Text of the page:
Holy In one
The retrograde novelty of a post-Tiger Woods film featuring a heaven-sent black caddy was chewed to death when The Legend of Bagger Vance was released in late 2000. But golf has always been about shutting out the real world — for millions of duffers, that’s its essence and attraction — and Robert Redford’s film is nothing if not true to the potted Zen that sells how-to videos about finding your inner swing.
Those who love the game, then, will adore the movie: The exquisitely moral period sense that Redford demonstrated in the superior A River Runs Through It functions here as nostalgia for a world where local Savannah boy Rannulph Junuh (Matt Damon) can recover his soul on the links. It’s only in the title character — Junuh’s shambling-Jesus caddy — that Bagger Vance devolves into clubhouse hooey; even Will Smith can’t underplay a line like ”There’s only one shot that’s in perfect harmony with the field,” and not sound like a screenwriter with a decent weekend game. And, yes, it’s impossible to swallow the film’s dreamy contention that race was not an issue on the golf courses of 1931 Georgia. That’s a lie of the green, and it’s not the only one.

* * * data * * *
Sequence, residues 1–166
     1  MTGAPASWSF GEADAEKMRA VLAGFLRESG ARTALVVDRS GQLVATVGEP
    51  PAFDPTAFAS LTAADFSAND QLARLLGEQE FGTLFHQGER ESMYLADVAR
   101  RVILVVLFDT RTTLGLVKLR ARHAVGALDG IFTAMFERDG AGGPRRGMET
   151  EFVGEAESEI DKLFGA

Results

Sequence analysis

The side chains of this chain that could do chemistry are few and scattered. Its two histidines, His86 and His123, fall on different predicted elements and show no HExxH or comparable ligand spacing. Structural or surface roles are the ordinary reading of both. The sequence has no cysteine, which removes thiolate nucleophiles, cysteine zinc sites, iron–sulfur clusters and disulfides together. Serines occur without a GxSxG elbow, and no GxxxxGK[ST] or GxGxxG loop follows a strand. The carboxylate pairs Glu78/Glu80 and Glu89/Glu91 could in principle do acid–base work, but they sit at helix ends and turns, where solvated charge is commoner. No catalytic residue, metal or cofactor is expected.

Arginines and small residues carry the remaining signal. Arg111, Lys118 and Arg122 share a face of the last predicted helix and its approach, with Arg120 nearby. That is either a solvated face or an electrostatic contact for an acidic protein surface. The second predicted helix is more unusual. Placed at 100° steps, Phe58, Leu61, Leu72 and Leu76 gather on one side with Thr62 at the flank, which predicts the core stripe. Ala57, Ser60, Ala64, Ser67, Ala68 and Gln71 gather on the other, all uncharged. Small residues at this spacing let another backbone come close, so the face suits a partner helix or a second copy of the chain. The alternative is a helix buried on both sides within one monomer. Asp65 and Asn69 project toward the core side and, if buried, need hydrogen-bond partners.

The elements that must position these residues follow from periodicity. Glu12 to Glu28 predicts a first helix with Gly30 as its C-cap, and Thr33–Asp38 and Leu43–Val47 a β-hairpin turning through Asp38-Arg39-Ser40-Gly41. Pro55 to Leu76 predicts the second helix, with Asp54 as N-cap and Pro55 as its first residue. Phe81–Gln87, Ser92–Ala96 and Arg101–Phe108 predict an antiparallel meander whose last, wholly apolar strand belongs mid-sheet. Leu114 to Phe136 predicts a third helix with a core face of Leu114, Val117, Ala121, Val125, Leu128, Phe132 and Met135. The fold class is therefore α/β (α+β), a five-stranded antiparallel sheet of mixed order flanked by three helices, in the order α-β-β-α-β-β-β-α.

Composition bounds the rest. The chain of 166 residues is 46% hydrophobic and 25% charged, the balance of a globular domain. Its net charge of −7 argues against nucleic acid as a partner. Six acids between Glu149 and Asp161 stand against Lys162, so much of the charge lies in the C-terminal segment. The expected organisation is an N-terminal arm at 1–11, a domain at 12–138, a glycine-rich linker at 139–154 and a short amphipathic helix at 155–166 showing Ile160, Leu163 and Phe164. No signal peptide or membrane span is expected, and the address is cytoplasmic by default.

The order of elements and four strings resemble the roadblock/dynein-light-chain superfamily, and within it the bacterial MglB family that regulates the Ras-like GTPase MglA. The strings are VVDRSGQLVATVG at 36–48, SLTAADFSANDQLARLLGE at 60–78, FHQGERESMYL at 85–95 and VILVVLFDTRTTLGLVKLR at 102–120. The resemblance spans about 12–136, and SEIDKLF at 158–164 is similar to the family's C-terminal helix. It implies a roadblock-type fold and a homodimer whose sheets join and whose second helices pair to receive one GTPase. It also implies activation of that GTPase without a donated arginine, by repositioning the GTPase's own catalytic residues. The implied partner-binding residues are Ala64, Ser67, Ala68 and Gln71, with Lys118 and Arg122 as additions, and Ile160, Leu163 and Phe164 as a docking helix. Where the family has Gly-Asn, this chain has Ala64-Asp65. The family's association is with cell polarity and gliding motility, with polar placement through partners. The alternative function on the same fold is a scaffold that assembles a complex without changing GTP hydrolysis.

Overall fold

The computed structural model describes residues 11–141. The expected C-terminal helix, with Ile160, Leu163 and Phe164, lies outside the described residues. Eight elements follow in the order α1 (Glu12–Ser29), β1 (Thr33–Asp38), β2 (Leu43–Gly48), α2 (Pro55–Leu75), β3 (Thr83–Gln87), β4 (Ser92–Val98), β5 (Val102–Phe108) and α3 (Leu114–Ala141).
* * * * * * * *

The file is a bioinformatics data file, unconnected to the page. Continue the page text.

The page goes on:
The Legend of Bagger Vance